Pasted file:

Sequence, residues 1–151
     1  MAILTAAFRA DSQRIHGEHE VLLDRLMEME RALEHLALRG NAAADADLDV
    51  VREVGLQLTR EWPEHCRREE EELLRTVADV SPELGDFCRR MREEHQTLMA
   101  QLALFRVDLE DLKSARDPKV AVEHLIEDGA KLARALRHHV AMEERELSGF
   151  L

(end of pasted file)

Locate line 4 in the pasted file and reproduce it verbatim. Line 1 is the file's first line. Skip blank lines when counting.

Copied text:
   101  QLALFRVDLE DLKSARDPKV AVEHLIEDGA KLARALRHHV AMEERELSGF